Going along this track will take you past the batting tunnels and down to a playground. The playground isn’t big or fancy but definitely a nice addition to the fun of cycling. 
  

On this occasion we didn’t visit the playground, we decide to keep left and make our way round the trike track again and then onto the mountain bike training park, Jubes Mountain Bike Park.

Had this been the weekend or anytime when there were actual mountain bikers on the circuit I wouldn’t have let my son on but as there was no one else there (like the other times we’ve been) we had free reign.  

There are three areas according to the web (KMC – Jubes Mountain Bike Park website): “Skill development – Designed to help riders improve off-road cycling with rock, wood and narrow sections. Pump track – Easy, medium and difficult levels to encourage the rider to use their upper body to ‘pump’ through the course.Single track -800 metres of track that meanders up and down the hillside.”

I’m not sure which sections we were on but my son rode over some mud mounds, rocks, paths, wooden ramps and then moved on from the bike and together with my daughter “practiced their running”.

   
    
 
A word to the wise: if there is mud, even a little bit rather avoid it. I know it’s meant to be fun and probably is huge amounts of fun but the mud is thick and sticks to the wheels and feet, shoes, legs, clothes and everything that comes into contact with it. 

  

Parsley Bay, Brooklyn NSW 

Cool winter weather and a somewhat sickly baby made us venture out of Sydney, somewhere quiet to a place where we could picnic and the kids could run off some energy with a scenic backdrop and without making any other kids ill. I had heard about Parsley Bay on the Hawkesbury River so I sold the idea to my husband and off we went. 

It’s 40 minutes North of Sydney’s North Shore along the Pacific Motorway and 51kms from Sydney CBD. I would drive because it’s a bit of a far walk from the train station with little ones and a picnic in tow.  
   

A good address for the GPS is George Street, Brooklyn, NSW. Once you get to Brooklyn aim for George Street. Once at George Street keep going to the end of the street where you’ll find the parking lot overlooking the water. 

There is no much to it: a walking path that rounds the head, a few picnic benches, a little beach (I am sure this disappears when the tide rises), boat ramps and toilets. There are however some resident ducks and Pelicans which are very exciting! Also very exciting is the chance of catching some fish, we didn’t know that this was possible but we saw a few families with little kids trying their luck. 

We went with the intention of walking from Parsley Bay around the head (McKell Park) and to the playground on the other side but in hind-sight this was very ambitious with two little kids. Instead we just hung out at Parsley Bay. 

We had a picnic on the grass in front of the picnic tables looking out over the water.  

The kids were able to check out the Pelicans, without getting to close and play on the little sand beach. 
 
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We tried to feed the ducks but they hated our lettuce and I didn’t bring any bread because I’d been lambasted on social media about what is and what isn’t appropriate to feed ducks. There were also a few dogs being walked, much to the delight of out littlest.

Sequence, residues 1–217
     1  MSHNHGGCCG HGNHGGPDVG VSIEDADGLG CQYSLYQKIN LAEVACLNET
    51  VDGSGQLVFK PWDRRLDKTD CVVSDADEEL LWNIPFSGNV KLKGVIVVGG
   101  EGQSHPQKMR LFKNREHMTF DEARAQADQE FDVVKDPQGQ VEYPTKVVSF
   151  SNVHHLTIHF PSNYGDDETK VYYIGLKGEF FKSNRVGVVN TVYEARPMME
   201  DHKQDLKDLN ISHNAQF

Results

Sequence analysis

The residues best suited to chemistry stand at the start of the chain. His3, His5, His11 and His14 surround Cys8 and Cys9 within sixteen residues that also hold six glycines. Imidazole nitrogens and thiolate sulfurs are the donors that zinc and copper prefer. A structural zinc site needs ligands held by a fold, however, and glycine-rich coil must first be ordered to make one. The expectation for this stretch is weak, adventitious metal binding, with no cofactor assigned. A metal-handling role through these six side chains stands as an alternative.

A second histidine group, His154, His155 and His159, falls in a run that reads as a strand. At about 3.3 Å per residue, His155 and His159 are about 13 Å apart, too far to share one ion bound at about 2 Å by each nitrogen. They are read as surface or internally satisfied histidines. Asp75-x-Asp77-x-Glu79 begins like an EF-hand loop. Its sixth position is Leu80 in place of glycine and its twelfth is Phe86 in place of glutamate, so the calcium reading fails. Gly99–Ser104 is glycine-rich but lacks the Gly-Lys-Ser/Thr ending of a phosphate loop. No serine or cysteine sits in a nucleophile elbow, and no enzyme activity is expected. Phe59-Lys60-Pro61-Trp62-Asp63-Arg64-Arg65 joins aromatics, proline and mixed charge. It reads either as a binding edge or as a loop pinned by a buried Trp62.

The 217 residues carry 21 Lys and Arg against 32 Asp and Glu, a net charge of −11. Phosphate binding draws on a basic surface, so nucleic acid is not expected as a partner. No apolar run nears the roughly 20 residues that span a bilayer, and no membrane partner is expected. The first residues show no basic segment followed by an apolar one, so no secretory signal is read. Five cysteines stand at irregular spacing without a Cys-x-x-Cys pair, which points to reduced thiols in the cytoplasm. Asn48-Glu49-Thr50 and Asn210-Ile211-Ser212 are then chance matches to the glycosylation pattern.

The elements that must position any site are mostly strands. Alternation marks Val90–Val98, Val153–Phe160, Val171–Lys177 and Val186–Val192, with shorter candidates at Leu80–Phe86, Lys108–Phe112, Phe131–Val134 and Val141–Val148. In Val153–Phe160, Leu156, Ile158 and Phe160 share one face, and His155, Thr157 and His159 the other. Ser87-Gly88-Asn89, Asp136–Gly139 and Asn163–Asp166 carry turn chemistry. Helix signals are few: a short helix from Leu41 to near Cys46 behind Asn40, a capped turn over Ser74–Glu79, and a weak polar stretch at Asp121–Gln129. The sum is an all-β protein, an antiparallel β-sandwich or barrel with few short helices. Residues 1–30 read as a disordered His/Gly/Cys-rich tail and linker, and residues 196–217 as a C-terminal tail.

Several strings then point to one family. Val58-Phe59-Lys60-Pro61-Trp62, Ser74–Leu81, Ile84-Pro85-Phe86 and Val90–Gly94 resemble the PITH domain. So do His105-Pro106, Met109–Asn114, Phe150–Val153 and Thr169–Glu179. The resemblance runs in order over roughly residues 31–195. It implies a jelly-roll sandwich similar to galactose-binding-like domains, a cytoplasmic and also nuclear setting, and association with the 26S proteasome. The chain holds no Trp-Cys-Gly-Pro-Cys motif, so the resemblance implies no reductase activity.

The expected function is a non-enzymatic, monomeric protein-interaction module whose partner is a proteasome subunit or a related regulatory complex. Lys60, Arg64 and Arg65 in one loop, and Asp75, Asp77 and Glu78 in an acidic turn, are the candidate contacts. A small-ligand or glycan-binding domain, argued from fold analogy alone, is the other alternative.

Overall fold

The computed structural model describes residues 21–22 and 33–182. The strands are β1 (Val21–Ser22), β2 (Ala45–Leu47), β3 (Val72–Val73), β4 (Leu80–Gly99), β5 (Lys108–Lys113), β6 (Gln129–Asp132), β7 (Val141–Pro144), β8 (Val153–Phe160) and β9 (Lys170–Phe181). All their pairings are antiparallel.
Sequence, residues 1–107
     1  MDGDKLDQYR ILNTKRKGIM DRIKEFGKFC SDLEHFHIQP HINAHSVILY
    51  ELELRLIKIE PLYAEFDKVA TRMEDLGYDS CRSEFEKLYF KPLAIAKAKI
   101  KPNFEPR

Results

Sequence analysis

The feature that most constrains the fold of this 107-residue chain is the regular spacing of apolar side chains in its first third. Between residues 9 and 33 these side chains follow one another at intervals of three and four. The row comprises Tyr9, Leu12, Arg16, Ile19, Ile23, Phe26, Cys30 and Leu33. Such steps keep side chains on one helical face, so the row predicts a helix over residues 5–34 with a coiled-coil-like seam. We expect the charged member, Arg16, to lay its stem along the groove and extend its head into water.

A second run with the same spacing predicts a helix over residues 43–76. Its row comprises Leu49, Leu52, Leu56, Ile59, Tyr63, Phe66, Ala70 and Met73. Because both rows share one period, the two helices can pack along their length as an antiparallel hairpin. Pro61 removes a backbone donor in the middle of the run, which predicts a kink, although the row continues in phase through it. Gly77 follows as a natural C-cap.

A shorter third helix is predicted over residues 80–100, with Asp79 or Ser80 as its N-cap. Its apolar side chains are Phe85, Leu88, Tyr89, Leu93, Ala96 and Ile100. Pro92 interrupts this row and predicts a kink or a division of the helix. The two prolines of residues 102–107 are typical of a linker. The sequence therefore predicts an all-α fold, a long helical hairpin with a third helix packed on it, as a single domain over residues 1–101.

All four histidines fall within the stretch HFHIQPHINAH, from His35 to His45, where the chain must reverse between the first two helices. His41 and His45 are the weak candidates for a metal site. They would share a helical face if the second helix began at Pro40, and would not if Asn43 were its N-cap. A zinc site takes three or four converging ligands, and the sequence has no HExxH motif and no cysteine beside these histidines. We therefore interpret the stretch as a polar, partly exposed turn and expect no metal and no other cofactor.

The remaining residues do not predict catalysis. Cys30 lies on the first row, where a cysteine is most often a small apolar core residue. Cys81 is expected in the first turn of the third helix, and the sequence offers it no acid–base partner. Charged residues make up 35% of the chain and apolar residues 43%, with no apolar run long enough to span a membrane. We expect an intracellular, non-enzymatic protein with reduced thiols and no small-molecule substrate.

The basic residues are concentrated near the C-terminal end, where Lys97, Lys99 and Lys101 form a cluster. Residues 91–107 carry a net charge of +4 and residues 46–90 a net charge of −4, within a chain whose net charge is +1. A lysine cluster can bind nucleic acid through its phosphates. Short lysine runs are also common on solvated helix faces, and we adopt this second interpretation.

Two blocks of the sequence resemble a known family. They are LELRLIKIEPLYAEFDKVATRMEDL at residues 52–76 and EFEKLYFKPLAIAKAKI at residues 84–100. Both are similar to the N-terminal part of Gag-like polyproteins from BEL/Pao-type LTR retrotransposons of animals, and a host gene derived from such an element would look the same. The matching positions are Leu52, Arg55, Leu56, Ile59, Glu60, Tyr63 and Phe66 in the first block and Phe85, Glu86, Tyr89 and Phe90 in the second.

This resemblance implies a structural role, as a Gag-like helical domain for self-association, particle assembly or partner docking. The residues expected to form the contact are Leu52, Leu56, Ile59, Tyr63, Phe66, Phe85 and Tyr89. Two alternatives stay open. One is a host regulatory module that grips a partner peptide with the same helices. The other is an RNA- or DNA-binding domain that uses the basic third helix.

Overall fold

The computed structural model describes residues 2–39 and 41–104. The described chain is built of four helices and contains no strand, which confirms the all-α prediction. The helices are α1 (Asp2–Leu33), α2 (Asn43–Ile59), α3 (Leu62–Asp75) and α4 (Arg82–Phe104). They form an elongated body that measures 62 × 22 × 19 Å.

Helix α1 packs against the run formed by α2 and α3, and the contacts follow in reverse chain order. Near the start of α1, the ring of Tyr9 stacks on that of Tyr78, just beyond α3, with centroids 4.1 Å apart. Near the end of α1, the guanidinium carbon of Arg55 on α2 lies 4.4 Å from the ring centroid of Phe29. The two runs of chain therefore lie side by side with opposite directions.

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There is a good looking coffee shop in Brooklyn (the name escapes me right now but you would pass it going to the playground, McKell Park or Parsley Bay) where you can pick up a coffee and a sandwhich should you rather stay indoors. 

Balmoral Beach Pram Walk, Mosman 

Although it’s autumn / winter it’s still possible to enjoy the beach. I took our littelest for a stroll along Balmoral Beach in her pram and it was lovely.

Balmoral Beach is great for kids in the summer and I will definitely get to that post soon but this post is about the awesome walk you can do alongside the beach with or without pram, trikes, bikes or scooters in tow. 

There is a wide walking path all along Balmoral Beach from the South End of the Esplanade all the way up to the Bathers’ Pavillion which is perfect for mum’s with prams. There is parking the whole way along, just depends if you’re willing to pay otherwise there is parking off from the Esplanade. 

  

You can put Balmoral Beach or The Esplanade, Mosman into your GPS. I would look for parking  along the Esplanade or for cheaper rates (and some free 2 hour parking) on Lower Almora Street, Park Lane or Hunter Road.   

 

The walk is just gorgeous because of the sea view (you’re right up alongside the beach) and because of the large green areas on the other side. Your pram occupant can get out and have a run if she  gets antsy because there is enough space. 

  
You can walk and stop as and when you please with benches and cafes / kiosks dotted along the way. 

You can also stop with the kids to:

1.  spare some change for the Melanoma Society, University of Sydney for Cancer research. 

  
2. explore the Balmoral Rotunda which was built in 1930. 

  

3. Play in the playground at the South End of the Esplaned (as at June 2016 it is currently undergoing work of some sort.) 

Unfortunately most of the bathrooms along the beach are currently undergoing work.  The following bathrooms are available: balmoral oval pavilion, tram shed and bathers pavillion. 

 
If you have a hyper-active 3 year old with you, the Oval is a great inclusion to the walk. You’ll find the Oval at the South End of the Esplanade on the opposite side of the road from the playground. 

In Photos: Parsley Bay, Brooklyn, NSW

 

Spotted this guy alongside the carpark. He had a bell so he must be owned by someone